He will need to shake off the rust from not playing or competing in his senior season, but to his credit he has taken full advantage of his time off and worked on his upper body, so he will be ready for the physical Big 12. His injury could be a blessing in disguise because Miller had a tendency to take possessions off and play to the level of his competition. However, he has said repeatedly how the injury was kind of a wake-up call. Now he must prove himself all over again. If he continues to work, stay focused and produce on a consistent basis, he has the makings of a NBA lottery pick.
NBA comparison: Donte' Greene/Kevin Durant
Austin Rivers, SG (Winter Park, Fla./Winter Park)
He comes out of high school as a prolific scorer and will be factored into everything Duke does next season. Rivers, son of Boston Celtics coach Doc Rivers, can beat opponents in a variety of ways and has an impressive set of shot-making abilities. His jumper can be streaky but he has excellent range. He will go to the pull-up jumper or his patented floater to score. By creating offense for himself with the jab step or the dribble, Rivers already does what NBA teams need -- he makes something out of nothing. He may also get some time at the point guard spot at Duke and he is equally dangerous navigating in pick-and-roll situations.
He needs to improve his decision-making and not force the issue, along with learning how to move and play off the ball. Defensively, the ultra-competitive prospect can be good on the ball because it is a single-focus responsibility, but he must be committed to helping and rotating in a team fashion. Rivers is also battle-tested and has proved he can produce on the big stage. He has won in high school basketball, AAU basketball and USA basketball, where he holds the record for points in a U-18 USA basketball game with 35.
NBA comparison: Mike Bibby
Michael Gilchrist, SF (Somerdale, N.J./St. Patrick)
He's a true energy-giver who elevates any practice or game. Each possession, on both ends of the floor, his effort is second to none. Gilchrist plays defense and shows some great versatility when doing so as he can guard all three perimeter positions while anticipating passing lanes with speed. Gilchrist looks to step in and take charges, and when it comes to rebounding he is relentless in his pursuit of the ball.
Gilchrist gets most of his points by scoring from 15 feet and in by finding different ways to capitalize on mistakes. He does an incredible job converting from defense to offense in the open floor, as well as beating people off the dribble with strong drives and finishes. His jumper is improving both off the catch and bounce, but it needs work. He also has to work on creating shots for himself. He will succeed because he often out-works his opponents, while helping his team do whatever it takes to win.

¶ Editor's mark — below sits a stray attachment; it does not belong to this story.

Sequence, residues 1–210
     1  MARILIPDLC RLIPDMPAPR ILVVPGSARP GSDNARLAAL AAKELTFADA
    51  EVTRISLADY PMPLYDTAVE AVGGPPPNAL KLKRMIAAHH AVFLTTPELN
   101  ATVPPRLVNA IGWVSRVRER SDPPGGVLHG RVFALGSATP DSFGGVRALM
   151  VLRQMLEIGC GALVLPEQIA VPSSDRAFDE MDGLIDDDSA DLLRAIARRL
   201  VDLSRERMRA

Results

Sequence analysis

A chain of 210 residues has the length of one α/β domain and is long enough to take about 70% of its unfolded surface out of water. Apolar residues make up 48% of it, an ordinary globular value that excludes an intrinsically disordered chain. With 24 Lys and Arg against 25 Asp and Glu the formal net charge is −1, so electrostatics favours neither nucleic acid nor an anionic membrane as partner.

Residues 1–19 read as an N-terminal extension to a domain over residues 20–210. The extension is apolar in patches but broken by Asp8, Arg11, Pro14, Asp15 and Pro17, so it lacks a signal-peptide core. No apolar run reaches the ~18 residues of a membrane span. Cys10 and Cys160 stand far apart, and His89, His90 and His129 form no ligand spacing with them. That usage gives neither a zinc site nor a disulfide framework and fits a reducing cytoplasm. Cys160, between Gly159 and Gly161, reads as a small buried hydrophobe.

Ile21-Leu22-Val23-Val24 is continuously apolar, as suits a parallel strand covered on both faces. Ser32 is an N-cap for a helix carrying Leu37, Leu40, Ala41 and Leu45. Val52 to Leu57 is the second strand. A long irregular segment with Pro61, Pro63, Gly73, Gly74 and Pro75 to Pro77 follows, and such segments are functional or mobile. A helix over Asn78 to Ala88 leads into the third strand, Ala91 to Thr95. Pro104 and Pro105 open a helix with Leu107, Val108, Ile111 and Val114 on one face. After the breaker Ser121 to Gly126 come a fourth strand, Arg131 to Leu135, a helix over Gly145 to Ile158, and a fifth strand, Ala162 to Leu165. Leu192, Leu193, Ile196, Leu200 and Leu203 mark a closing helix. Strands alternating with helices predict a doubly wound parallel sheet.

NBA comparison: Gerald Wallace
Bradley Beal, SG (St. Louis/Chaminade)
Beal has done nothing but continue to improve and influence winning wherever he plays. He is an outstanding shooter with excellent shot preparation, elevation, rotation and mechanics. To shoot you first have to free yourself from the defense, and Beal has a keen understanding of moving without the ball to create time and space to get a good look at the basket. He reads screens and his defender and makes the proper cut or he spots up with a purpose off his teammate's dribble-drives. He has also demonstrated lately that he is more than just a shooter by adding a driving game to his offense and is a willing passer.
Beal has a specialty of shooting 3s with range and accuracy and shows a high basketball IQ, which bodes well in the league. However, he must work on defending his position by learning how to chase shooters off screening action and keep quicker guys in front of him off the bounce.
NBA comparison: Ray Allen
Marquis Teague, PG (Indianapolis/Pike)
The faster the tempo, the better for Teague because he has blazing speed that helps him thrive in transition. He blows past defenders with his tight handle and explosive first step. Teague seems to get wherever he wants on the floor with the dribble, and when he makes his way near the lane he scores with his strength and elevation. He does a very good job at pushing the pace with his physical tools, which makes him a player who always puts pressure on the defense.
He must show he can execute in the half court and be respectable shooting 3s, midrange jumpers off the bounce and in catch-and-shoot scenarios. Defensively, he displays the lateral quickness to defend his position.
NBA comparison: Jeff Teague (his brother)
Paul Biancardi, who has been a head coach and assistant on NCAA tournament teams, is the national director of basketball recruiting. He is also one the voters for the McDonald's All-American Game and Gatorade Player of the Year. Don't forget to follow him on Twitter.